2. If after the signature of this convention under any Convention or Agreement between India and a third State which is a member of the OECD India should limit its taxation at source on dividends, interests, royalties, fees for technical services or payments for the use of equipment to a rate lower or a scope more restricted than the rate or scope provided for in this Convention on the said items of income, then as from the date on which the relevant Indian Convention or Agreement enters into force the same rate or scope as provided for in that Convention or Agreement on the said items of income shall also apply under this Convention.”

[Emphasis is ours]

14. A perusal of the aforesaid extract of the protocol would show that the protocol forms an integral part of the Convention. Therefore, plainly read, no separate notification is required, insofar as the applicability of provisions of the protocol is concerned. In this regard, it would be useful to extract the apposite observations, made by a Division Bench of this Court, in Steria (India) Ltd. vs. Commissioner of Income-tax-VI, [2016] 386 ITR 390 (Delhi).

“16. The AAR appears to have failed to notice that the wording of Clause 7 of the Protocol makes it self-operational. It is not in dispute that the India-France DTAA was itself notified by the Central Government by issuing a notification under Section 90 of the Act. It is also not in dispute the separate Protocol signed between India and France simultaneously forms an integral part of the Convention itself. The preamble in the Protocol, which states “the undersigned have agreed on the following provisions which shall form an integral part of the Convention”, makes this position clear. Once the DTAA has itself been notified, and contains the Protocol including para 7 thereof, there is no need for the Protocol itself to be separately notified or for the beneficial provisions in some other Convention between India and another OECD country to be separately notified to form part of the Indo-France DTAA.

17. Reliance is rightly placed by the Petitioner on the following passage at page 32 in the commentary by Klaus Vogel on “Double Taxation Conventions”:

“As previously mentioned, (final) protocols and in some cases other completing documents are frequently attached to treaties. Such documents elaborate and complete the text of a treaty, sometimes even altering the text. Legally they are part of the treaty, and their binding force is equal to that of the principal treaty text. When applying a tax treaty, therefore, it is necessary carefully to examine
these additional documents”

18. The Court is, therefore, unable to agree with the conclusion of the AAR that the Clause 7 of the Protocol, which forms part of the DTAA between India and France, does not automatically become applicable and that there has to be a separate notification incorporating the beneficial provisions of the DTAA between India and UK as forming part of the India- France DTAA.”

[Emphasis is ours]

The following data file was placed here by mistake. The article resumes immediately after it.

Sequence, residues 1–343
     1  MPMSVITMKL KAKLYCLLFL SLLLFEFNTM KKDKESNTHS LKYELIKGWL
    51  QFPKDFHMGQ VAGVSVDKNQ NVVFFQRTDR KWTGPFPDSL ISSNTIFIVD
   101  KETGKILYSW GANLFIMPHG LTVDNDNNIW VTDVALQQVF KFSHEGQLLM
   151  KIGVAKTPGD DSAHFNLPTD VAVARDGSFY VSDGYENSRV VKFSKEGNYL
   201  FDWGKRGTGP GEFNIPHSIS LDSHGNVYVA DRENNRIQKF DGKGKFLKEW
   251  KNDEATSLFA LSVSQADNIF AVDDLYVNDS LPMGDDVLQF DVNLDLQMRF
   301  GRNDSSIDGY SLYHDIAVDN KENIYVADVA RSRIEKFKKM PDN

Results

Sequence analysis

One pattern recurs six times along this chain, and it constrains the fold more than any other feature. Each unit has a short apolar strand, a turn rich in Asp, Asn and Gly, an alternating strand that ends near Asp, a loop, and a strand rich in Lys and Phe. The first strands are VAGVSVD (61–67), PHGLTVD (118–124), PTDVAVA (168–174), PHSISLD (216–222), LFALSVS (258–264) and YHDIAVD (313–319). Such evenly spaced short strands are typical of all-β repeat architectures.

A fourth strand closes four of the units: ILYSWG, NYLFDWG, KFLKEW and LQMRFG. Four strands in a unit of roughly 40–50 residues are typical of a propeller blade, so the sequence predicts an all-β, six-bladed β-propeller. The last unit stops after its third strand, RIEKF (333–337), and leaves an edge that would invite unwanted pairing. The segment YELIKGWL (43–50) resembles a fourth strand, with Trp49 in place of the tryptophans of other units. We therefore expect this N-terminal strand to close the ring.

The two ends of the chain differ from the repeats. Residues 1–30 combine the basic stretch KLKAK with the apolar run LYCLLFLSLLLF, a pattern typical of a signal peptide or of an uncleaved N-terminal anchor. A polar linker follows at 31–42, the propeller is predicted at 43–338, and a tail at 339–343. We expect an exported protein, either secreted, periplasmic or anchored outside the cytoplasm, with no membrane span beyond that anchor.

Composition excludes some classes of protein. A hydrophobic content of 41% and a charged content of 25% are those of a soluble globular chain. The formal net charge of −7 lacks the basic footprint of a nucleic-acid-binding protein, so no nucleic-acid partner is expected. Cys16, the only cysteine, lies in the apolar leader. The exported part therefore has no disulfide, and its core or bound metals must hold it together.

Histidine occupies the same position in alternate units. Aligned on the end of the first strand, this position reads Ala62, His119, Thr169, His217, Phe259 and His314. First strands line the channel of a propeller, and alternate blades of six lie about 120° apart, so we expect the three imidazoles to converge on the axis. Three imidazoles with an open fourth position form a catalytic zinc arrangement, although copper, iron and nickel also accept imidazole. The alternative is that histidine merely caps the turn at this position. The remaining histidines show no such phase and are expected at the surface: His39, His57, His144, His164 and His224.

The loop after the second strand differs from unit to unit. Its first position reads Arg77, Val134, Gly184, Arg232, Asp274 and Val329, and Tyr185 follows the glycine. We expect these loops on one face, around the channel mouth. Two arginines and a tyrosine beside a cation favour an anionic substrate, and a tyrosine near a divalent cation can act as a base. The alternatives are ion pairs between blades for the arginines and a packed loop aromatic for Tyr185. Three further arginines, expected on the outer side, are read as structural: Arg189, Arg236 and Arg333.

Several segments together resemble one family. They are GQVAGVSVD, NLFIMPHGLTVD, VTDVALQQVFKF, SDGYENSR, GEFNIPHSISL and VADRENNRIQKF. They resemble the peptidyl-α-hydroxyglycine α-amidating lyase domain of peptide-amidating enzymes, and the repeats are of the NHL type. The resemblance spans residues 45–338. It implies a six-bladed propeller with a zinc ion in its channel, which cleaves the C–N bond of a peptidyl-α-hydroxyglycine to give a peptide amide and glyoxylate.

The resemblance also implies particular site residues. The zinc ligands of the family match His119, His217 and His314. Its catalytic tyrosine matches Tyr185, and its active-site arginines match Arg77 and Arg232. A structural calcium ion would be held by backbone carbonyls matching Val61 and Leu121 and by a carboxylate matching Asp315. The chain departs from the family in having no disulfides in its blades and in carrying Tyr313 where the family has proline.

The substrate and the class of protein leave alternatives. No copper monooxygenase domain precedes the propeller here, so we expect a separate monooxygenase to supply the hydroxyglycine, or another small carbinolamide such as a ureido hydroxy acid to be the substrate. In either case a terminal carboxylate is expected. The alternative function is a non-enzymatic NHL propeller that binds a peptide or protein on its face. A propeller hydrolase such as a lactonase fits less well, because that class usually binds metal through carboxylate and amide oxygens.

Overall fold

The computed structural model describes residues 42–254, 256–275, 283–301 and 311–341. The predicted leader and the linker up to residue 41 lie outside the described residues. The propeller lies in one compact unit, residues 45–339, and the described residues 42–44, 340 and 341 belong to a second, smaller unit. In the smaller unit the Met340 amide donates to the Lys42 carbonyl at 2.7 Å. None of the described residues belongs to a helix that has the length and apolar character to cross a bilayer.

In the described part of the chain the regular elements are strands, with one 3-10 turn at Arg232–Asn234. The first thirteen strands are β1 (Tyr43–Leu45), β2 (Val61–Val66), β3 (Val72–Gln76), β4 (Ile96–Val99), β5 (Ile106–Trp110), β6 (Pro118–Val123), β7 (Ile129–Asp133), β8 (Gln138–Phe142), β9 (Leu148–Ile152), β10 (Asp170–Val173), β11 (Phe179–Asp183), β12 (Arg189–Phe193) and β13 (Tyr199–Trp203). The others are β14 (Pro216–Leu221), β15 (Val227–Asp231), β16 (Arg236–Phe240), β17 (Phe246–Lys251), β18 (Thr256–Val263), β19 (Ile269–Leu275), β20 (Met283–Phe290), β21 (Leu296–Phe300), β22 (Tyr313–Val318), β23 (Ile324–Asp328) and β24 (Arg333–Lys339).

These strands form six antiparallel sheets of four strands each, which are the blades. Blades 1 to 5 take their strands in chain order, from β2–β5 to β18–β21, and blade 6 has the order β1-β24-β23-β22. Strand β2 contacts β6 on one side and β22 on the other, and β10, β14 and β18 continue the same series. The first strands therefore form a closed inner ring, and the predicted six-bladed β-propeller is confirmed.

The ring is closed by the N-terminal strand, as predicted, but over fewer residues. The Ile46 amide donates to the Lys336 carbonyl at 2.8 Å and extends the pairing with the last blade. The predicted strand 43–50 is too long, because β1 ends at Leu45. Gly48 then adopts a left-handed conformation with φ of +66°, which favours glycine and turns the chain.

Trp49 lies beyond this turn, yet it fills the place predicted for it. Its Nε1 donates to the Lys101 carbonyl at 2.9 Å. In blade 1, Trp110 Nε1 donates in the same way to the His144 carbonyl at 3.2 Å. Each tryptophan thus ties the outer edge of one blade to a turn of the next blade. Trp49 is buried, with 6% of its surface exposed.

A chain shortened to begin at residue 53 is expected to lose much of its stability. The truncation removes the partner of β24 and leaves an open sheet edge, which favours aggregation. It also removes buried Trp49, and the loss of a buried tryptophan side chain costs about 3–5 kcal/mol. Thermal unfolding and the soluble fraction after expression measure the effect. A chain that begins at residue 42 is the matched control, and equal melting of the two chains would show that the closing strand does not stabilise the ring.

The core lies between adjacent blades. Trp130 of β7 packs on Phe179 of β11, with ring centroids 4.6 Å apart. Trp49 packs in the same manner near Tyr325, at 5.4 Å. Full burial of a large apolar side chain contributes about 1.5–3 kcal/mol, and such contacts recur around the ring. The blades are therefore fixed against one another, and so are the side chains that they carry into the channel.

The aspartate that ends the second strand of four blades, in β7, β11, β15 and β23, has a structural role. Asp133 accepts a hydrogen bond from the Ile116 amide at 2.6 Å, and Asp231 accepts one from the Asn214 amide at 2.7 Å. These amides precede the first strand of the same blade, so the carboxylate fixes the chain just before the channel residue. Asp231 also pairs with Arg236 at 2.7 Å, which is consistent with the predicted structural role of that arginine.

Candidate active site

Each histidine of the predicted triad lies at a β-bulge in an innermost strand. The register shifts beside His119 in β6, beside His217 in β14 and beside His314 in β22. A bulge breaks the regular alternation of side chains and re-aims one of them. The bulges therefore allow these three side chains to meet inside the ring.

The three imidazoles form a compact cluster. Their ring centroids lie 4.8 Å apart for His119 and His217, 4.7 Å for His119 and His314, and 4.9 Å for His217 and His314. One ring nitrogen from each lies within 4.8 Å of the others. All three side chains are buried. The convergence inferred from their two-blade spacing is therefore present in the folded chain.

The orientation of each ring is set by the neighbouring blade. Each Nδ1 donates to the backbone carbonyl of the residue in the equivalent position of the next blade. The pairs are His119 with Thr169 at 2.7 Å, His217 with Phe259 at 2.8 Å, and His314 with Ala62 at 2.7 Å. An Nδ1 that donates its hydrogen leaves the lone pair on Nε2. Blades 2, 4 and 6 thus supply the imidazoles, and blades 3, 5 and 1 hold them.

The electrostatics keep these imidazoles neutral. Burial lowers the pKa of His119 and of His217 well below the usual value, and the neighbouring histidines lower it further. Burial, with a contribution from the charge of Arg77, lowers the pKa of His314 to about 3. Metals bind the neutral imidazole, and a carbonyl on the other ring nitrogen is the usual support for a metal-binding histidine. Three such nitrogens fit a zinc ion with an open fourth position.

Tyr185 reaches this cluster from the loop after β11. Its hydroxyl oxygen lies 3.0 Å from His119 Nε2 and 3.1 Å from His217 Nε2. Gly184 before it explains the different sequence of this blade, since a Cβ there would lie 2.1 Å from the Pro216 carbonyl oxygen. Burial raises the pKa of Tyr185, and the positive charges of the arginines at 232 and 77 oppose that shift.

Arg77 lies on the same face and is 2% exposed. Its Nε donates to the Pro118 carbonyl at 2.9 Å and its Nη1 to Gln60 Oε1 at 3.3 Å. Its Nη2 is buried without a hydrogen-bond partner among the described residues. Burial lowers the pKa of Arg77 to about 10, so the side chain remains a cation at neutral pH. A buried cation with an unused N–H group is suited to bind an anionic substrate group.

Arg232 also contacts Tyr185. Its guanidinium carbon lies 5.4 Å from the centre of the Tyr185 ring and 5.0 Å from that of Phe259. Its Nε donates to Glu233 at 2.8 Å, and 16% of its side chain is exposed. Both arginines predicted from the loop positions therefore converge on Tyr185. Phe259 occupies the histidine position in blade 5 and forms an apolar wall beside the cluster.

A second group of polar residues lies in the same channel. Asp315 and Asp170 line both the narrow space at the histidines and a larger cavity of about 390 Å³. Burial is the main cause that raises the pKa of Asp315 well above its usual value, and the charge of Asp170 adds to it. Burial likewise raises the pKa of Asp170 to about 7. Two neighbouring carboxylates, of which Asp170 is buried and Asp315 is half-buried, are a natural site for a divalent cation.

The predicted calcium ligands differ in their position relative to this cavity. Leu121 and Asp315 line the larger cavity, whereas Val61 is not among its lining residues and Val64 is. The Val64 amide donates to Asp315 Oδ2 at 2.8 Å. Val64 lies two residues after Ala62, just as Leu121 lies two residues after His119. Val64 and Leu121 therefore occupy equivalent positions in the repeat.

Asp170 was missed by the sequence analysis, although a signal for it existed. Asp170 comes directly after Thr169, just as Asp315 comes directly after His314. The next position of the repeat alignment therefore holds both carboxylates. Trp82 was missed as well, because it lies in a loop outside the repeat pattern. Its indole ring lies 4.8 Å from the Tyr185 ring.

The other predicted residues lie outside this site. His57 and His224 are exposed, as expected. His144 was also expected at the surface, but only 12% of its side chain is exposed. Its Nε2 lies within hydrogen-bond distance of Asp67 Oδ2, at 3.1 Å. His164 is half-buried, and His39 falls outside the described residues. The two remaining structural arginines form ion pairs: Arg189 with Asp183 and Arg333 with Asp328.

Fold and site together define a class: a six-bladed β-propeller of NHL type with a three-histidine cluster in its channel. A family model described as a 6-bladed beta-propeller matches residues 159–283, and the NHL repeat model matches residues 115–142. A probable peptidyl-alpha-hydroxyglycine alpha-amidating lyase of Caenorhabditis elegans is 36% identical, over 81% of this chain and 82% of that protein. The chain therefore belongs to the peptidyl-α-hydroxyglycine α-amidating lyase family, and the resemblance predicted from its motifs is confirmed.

15. A bare perusal of Clause IV (2) shows that it incorporates the principle of parity between the subject DTAA and the Conventions/DTAAs executed thereafter qua the rate of withholding tax or the scope of the Conventions in respect of items of income concerning dividends, interest, royalties, fees for technical services, or payments for use of equipment [in short “subject remittances”].

16. However, the principle of parity kicks-in, only if the following conditions are fulfilled:

i. First, the third State with whom India enters into a Convention/DTAA should be a member of the OECD.

ii. Second, India should have, in its Convention/DTAA, executed with the third State, limited its rate of withholding tax, on subject remittances, at a rate lower or a scope more restricted, than the rate or scope provided in the subject Convention/ DTAA.

17. Once the aforementioned conditions are fulfilled, then, from the date on which the Convention/DTAA between India and a third State comes into force, the same rate of withholding tax or scope as provided in the Convention/DTAA executed between India and the third State would necessarily have to apply to the subject DTAA.

17.1. Therefore, the argument advanced on behalf of the revenue, that the beneficial provisions contained in the Conventions/DTAAs, executed both prior to or after the coming into force of the subject DTAA, i.e., 21.01.1989, could not be made applicable to the recipients of remittances covered under the subject DTAA even though the concerned third State was a member of the OECD is, to our minds, completely misconceived and contrary to the plain terms of Clause IV (2) of the protocol appended to the subject DTAA.

17.2. Although it must be said in favour of the revenue, the construct of Clause IV (2) is such that in certain cases there could be a hiatus between the dates on which the Convention/DTAA is executed between India and the third State and the date when such third State becomes a member of OECD. The limit on the lower rate of tax or the scope more restricted contained in the Convention/DTAA executed between India and the third State can only apply when the third State fulfils the attribute of being a member of the OECD.

17.3. We must point out that a lot of emphases is laid on behalf of the revenue on the word “is”mentioned in the following part of Clause IV (2) in the context of the aforementioned third States with which India has entered into Conventions/DTAAs after the execution of the subject DTAA “…which is a member of the OECD …”.